Rutgers University Department of Physics and Astronomy

Physics 271 : Overview

General Information

01:750:273 Honors Physics I is a 3-credit introductory course that covers classical mechanics and thermodynamics. The main course home page includes a link to the complete syllabus, indicating the topics to be covered in each lecture and the sections in the textbook that should be read in advance of each lecture.

Required Purchases

All three items can be purchased at the Rutgers University Bookstore (Ferren Mall). The textbook can be found at the lower level, and the other two items may be obtained from the textbook desk at the lower level.

The Access Card can also be bought online at the WebAssign site.

The iClicker transmitter is a device that resembles a TV remote unit, and its purpose is to make lectures interactive. Several times during each lecture, the professor will display a multiple-choice conceptual question pertaining to the topics being discussed. Click the button corresponding to your answer.

Whether or not your answer is correct, you will be given credit towards attendance every time you give an answer. The total iClicker score will count 5% towards your final course grade.

If you already have an iClicker that you used in some other course, YOU DON'T NEED TO BUY ANOTHER ONE. At the end of the semester, you can sell it back to the Rutgers University Bookstore. Here are more complete iClicker instructions written by Prof. Bergman. Our main course home page has a link for registering your iClicker.


Lectures will be on Mondays 1:55-2:50pm and Wednesdays 1:55-2:50pm in the Physics Lecture Hall on Busch Campus. The lectures will be given by Prof. Duiliu Emanuel Diaconescu.

Remember to bring your iClicker unit to every lecture, so that you can answer questions electronically during lecture.

Lecture notes will be uploaded to the course Website soon after each lecture is given. So it should be unnecessary for students to take notes during lecture. We recommend that during lecture you concentrate on trying to understand what is presented, ask questions, etc.


Your registration for this course includes an assignment to a 55-minute recitation section. There are seven such sections, and they meet on Thursdays and Fridays, after the lectures for the week have been given.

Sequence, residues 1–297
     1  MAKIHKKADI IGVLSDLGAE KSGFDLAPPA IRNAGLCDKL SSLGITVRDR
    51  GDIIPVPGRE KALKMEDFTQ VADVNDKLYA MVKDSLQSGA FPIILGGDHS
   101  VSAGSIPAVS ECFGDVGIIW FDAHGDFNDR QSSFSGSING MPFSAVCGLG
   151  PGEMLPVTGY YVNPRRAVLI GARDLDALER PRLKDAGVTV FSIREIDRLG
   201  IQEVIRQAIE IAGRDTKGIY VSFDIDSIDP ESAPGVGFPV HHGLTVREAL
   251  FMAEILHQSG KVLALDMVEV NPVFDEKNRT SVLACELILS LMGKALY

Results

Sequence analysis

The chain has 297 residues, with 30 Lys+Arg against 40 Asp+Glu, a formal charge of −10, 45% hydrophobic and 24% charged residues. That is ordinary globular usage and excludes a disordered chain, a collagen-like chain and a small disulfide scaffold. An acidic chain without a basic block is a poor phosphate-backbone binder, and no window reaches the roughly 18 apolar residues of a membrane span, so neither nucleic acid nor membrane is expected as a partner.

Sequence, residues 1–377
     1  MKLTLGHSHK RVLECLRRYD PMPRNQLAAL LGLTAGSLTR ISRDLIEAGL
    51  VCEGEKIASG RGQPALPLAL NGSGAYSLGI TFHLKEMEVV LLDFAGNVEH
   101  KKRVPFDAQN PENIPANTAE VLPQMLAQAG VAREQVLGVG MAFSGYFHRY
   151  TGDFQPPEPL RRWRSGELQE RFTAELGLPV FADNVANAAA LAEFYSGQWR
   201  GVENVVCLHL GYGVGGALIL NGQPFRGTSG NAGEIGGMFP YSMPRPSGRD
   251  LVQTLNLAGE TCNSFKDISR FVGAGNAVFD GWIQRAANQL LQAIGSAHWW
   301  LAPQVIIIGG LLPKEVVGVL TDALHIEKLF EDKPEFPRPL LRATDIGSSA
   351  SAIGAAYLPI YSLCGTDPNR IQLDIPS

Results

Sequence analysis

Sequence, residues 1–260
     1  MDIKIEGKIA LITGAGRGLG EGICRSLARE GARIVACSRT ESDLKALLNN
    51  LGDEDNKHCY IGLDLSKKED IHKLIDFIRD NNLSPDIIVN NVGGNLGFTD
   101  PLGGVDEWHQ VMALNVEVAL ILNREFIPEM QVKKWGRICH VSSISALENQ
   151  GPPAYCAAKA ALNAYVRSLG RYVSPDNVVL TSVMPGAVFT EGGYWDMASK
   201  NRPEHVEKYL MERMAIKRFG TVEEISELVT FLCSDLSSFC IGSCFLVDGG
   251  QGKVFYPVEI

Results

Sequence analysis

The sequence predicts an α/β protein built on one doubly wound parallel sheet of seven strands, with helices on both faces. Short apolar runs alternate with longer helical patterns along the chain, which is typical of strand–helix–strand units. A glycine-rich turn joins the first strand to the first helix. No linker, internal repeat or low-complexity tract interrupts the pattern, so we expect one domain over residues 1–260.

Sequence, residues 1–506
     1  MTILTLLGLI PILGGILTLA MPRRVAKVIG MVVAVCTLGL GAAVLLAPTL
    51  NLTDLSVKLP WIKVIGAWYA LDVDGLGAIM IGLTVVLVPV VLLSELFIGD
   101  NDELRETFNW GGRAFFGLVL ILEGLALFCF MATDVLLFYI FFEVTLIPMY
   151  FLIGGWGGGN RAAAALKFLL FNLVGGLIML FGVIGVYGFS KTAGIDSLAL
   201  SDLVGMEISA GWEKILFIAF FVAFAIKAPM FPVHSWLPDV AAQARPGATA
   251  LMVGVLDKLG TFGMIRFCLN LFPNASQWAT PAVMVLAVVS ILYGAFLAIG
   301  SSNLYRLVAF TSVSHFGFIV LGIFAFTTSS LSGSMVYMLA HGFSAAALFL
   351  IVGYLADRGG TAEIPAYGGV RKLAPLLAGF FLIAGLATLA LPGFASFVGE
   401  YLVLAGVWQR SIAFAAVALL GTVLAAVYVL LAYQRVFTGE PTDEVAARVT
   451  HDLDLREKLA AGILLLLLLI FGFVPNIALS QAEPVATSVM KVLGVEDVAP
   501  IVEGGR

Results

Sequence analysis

Your recitation instructor will discuss problems similar to those assigned for homework, and will encourage questions and class discussion. Towards the end of the class, the instructor will give a short written quiz.

Your recitation instructor will grade your solution and return it to you the following week. Your total recitation score will count 15% towards your final grade. The lowest two quizzes will be dropped.


There will be weekly homework assignments, due on Mondays at 11:59pm. We will use an internet-based homework service called WebAssign, which will enable you to access the homework assignments online, submit your answers online, receive immediate grading, and allow you extra chances to correct any of your wrong answers. The main course home page includes a link that provides detailed information about homework and WebAssign. Your total homework score will count 25% towards your final grade. The lowest two homework scores will be dropped.

The lectures and recitations earlier in the week will prepare you to do the homework. In addition, you are encouraged to form study groups with others in the class, and work on homework together. The Math and Science Learning Center would be an excellent place to congregate for this purpose.

Examinations and Grading

There will be two hour exams and a final exam, scheduled as follows:

Practice Exams for each of these will be posted on the Exam Copies page. Each Practice Exam will be discussed at a Review Lecture. Solutions to the actual exams will be posted after the exams have been given.

Each hour exam will count 15% towards the final grade, and the Final Exam will count 25%. The exams will be multiple-choice. They will be closed book, but you may bring one 8.5" x 11" sheet of paper with formulas and notes to consult during the exam. (You may write on both sides of this cheat sheet). Of course you should also bring a couple of pencils and a scientific calculator.

You may access the gradebook by going here and log in using your NetID.

This page is maintained by Prof. Duiliu Emanuel Diaconescu.